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Why U.S. Neocons Want Ahmadinejad to Win

American conservatives and Iranian hard-liners need each other.
 
 
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The only people happier than the Iranian elites over Mahmoud Ahmadinejad's apparently stolen election win Friday, were the neoconservatives and other hawks eager to block any efforts by the Obama administration to moderate U.S. policy toward the Islamic republic.

Since he was elected president in 2005, Ahmadinejad has filled a certain niche in the American psyche formerly filled by the likes of Saddam Hussein and Muammar Qaddafi as the Middle Eastern leader we most love to hate. It gives us a sense of righteous superiority to compare ourselves favorably to these seemingly irrational and fanatical foreign despots.

Better yet, if these despots can be inflated into far greater threats than they actually are, these supposed threats can be used to justify the enormous financial and human costs of maintaining American armed forces in that volatile region to protect ourselves and our allies, and even to make war against far-off nations in "self-defense."

Such inflated threats also have the added bonus of silencing critics of America's overly-militarized Middle East policy, since anyone who dares to challenge the hyperbole and exaggerated claims regarding these leaders' misdeeds or to provide a more balanced and realistic assessment of the actual threat they represent can then be depicted as naive apologists for dangerous fanatics who threaten our national security.

The neocons have not been subtle about their desire for Ahmadinejad to continue playing this important role. For example, right-wing pundit Daniel Pipes, at a panel discussion at the Heritage Foundation just before the election, said that he would vote for Ahmadinejad if he could, because he prefers "an enemy who is forthright, blatant, obvious."

Last Wednesday, Congressional Republicans -- in an apparent effort to enhance the chances of Iranian hard liners just two days before the election -- tried to push for a floor vote to strengthen sanctions against Iran.

It is interesting how some of the very foreign policy hawks who just days ago were dismissing Mir Hossein Mousavi's expected victory as irrelevant since, in their view, there was essentially no meaningful difference between him and Ahmadinejad, are now among the most self-righteous in denouncing the apparent fraud and outspoken in their pseudo-outrage at the rigged results.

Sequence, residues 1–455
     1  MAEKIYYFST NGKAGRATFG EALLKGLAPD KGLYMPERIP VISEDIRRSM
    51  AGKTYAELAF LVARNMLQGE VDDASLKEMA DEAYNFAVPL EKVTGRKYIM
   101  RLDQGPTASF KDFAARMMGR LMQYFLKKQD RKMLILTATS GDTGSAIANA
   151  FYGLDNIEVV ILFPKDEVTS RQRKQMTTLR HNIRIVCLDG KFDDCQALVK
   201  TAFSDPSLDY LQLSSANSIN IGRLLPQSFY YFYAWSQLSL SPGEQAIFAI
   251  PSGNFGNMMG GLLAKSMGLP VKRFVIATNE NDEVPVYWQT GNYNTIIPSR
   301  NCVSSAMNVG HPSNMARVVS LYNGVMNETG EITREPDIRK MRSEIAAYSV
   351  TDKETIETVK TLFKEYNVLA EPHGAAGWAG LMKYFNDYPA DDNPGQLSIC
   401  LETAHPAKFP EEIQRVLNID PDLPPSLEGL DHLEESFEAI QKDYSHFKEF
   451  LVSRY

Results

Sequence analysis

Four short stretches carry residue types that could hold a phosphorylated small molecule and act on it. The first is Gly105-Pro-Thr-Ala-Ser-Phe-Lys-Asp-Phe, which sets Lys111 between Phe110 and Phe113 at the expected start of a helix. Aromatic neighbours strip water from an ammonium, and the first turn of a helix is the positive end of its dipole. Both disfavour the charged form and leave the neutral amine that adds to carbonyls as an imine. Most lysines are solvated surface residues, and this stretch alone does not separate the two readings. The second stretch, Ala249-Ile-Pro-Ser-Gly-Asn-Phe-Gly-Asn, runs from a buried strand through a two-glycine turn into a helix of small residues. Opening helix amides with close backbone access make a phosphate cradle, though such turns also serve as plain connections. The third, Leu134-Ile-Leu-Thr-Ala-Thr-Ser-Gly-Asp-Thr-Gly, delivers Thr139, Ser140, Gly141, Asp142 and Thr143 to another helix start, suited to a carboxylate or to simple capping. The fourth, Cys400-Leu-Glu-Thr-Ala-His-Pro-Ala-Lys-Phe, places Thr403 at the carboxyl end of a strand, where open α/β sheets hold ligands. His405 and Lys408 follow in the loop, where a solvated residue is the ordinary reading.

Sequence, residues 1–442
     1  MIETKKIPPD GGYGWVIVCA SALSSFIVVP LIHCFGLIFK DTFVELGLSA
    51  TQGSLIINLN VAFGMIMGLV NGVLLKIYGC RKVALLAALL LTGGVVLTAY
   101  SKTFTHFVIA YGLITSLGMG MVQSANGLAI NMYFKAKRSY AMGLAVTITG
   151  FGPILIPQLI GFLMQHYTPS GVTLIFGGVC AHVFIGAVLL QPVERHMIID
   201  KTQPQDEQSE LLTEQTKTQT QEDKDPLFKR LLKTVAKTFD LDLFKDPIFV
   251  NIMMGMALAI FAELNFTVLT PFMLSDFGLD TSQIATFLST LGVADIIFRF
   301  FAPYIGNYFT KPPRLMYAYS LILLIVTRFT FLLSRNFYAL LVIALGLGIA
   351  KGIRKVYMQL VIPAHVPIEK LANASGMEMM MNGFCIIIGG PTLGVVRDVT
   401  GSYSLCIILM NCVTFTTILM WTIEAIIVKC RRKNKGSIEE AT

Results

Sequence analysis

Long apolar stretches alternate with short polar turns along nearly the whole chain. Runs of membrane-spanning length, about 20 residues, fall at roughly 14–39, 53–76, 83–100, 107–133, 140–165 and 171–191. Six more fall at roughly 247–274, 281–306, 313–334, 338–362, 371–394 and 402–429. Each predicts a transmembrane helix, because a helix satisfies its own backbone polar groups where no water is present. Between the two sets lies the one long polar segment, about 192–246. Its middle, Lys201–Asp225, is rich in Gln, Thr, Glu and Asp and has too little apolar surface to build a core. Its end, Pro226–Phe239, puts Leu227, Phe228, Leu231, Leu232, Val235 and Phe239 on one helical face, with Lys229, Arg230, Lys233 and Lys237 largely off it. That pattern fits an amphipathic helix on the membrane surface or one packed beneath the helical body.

Their worst-case scenario would be a nonviolent insurrection that would topple Ahmadinejad and allied hard-line clerics comparable to those that followed attempts to steal elections in such countries as the Philippines and Serbia. Neither the neocons nor Iran's reactionary leadership want to see that oil-rich regional power under a popular and legitimate government. Indeed, the neocons and Iranian hard-liners need each other.

The Impact on Relations with the United States

In one sense, there really are not huge differences between the two leading candidates in last Friday's Iranian presidential election on key foreign policy issues that most concern the United States.

For example, virtually all leading Iranian political figures, including Mousavi, defend what they consider to be Iran's right to engage in nuclear enrichment and other aspects of the country's thus-far civilian nuclear program.

More critically, the president is far from being the most powerful figure in Iranian politics, particularly on foreign policy issues.

Furthermore, as outrageous and offensive as Ahmadinejad's comments regarding Israel and the Holocaust may be, the Iranian president is not commander-in-chief of the armed forces, so Ahmadinejad would be incapable of ordering an attack on Israel even if Iran had the means to do so.

Though the clerics who really do wield power certainly take hard-line positions on a number of policy areas, collective leadership normally mitigates impulsive actions such as launching a war of aggression, especially if your enemy has a massive nuclear-deterrent capability that could obliterate your country in less than 15 minutes. Indeed, bold and risky policies rarely come out of committees.